Things I've Learned at a Permaculture Farm
Updated: 5 days ago
At the Kulkul Farm at Green School, Bali Indonesia
Back in 2018, I had the privilege of being able to join the permaculture design course at the Kulkul farm in Bali, Indonesia. It was one of the most memorable experiences in my life that still gives me hope to a more sustainable future.
What is permaculture you may ask? Permaculture comes from the word "permanent" and "agriculture". It is the practice of designing sustainable human habitats by following nature's patterns and creating closed loop ecosystems. It has a set of ethics and principles that will help you know what to do with the land around you and guide you into co-existing peacefully with nature in this modern age.
The Kulkul farm is part of the famous Green School Bali who are the pioneers of redefining education, modern bamboo architecture and sustainability. It has been my dream to go there ever since I saw John and Elora Hardy's TED Talk many years ago and being there was nothing short of magical. "Kulkul" refers to the sound that the Balinese bamboo drum makes as a call to gather and we got to hear this drum all throughout the course.
Orin and Maria Hardy started the farm with the intention of inspiring and empowering both local Balinese and visiting travelers to live a life connected to the natural world and traditional ways of living. The 14 days I spent in their farm not only inspired me but also thought me about the importance of a like-minded community. Being with a soul tribe with a common goal made me feel like anything was possible and that includes building a greener and more sustainable future.
Each Permaculture Design Course (PDC) is different because Orin and Maria always get various guest speakers to facilitate the workshop. My batch had Chris Shanks who is a teacher and permaculture enthusiast specializing in whole systems design, ethno-botany, horticulture, mycology, and ecology. He has studied ecosystems and cultural anthropology in Spain, the Bahamas, Costa Rica, Mexico, Guatemala, Panama, Nicaragua, Hawaii, and both coasts of the United States.
"Being with a soul tribe with a common goal made me feel like anything was possible and that includes building a greener and more sustainable future."
Things We Learned
Permaculture principles and definitions
Principles in action
Soils and fertility
Reading the landscape and land designs
Water harvesting and grey water systems
Appropriate technology and alternative energy systems
Animals in the system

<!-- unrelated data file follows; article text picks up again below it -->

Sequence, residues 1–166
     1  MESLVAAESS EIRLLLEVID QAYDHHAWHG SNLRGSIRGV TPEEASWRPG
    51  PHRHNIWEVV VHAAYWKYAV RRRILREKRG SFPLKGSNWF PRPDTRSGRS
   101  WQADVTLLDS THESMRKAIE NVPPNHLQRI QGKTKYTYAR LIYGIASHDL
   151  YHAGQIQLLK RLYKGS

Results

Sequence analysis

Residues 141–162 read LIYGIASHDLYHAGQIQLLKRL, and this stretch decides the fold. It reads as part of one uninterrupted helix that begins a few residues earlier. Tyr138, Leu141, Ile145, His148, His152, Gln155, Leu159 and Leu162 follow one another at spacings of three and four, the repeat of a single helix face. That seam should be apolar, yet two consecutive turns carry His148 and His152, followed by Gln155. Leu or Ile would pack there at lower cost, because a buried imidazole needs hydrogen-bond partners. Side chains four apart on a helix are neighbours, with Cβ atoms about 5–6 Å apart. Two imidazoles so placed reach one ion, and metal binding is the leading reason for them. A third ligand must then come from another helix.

Bamboo and natural building
Fermentations and natural apothecary
…and many more!
So some of you might be thinking, how is this different from organic farming? Organic farming refers to the absence GMO's, chemical pesticides and fertilizers while permaculture refers to the entire ecosystem and creating that balance with nature. All of this involves us observing and learning from nature. One example is the rice terraces. We maximized the slopes of the mountains and created edges and terraces to be able to catch, store and use that water as gravity lets it flow down. Another example is Aquaponics which refers to the growing aquaculture and cycling that water to grow agriculture as well in a closed loop system. Nature has a lot it can teach us and we sometimes forget that.
Living in the farm for 14 days surrounded by people from all over the world was truly eye opening. We lived in bamboo yurts, used compost toilets, ate a mostly plant based diet and exercised everyday. It was cool and quiet in the evenings with nature as my background music. My body naturally adjusted to the circadian rhythm as we woke up at 7am and slept around 10pm. We were lucky enough to have classmates who had their own exercise routine and we were free to join them and choose a different practice each day. In some mornings we would jog around the forest or practice yoga while some days we do an animal flow circuit training. I never felt so healthy in my entire life and this helped convinced me that being on a plant based diet gives me more energy throughout the day and the best part was that it was so easy because of the community I surrounded myself with.
I was hesitant at first to use the compost toilet but surprisingly, it wasn't smelly at all. How it works is that you "flush" by scooping some wood chips and saw dust which is available right next to you and inoculate it with the liquid fertilizer, EM4, to help break it down faster. The wood chips and saw dust actually absorb most of the smell and they always make sure to have a special Balinese incense lit throughout the day. The waste goes into a drum underground which is regularly collected to be further composted in a separate area. Did you know that we waste about 6-12 liters of clean water with every flush? Think of the amount of water we could save with each flush if we started using compost toilets.
"It was so easy because of the community I surrounded myself with."
I took this course because I have always wanted my own farm to table property and as I go searching for my perfect place in this earth, I now know what to look for and how to work with nature. At the end of the PDC, we had a final project where in we had to design an actual piece of land for a pretend client according to their needs. I was lucky enough to get the same type of client brief as my own dream wellness resort.
Nothing is by accident. Out of the 20 students in my class from 16 different countries, there were about 7 birthday celebrants including myself. I learned a lot and made a lot of inspiring friends from all over the world and I am looking forward to being a few steps closer to manifesting my dreams.
Find out more about Orin and Maria at https://kulkulfarmbali.com/ Currently, they are not organizing any PDC's due to the pandemic and focusing more on the online Bamboo U courses which you can also find in their website.
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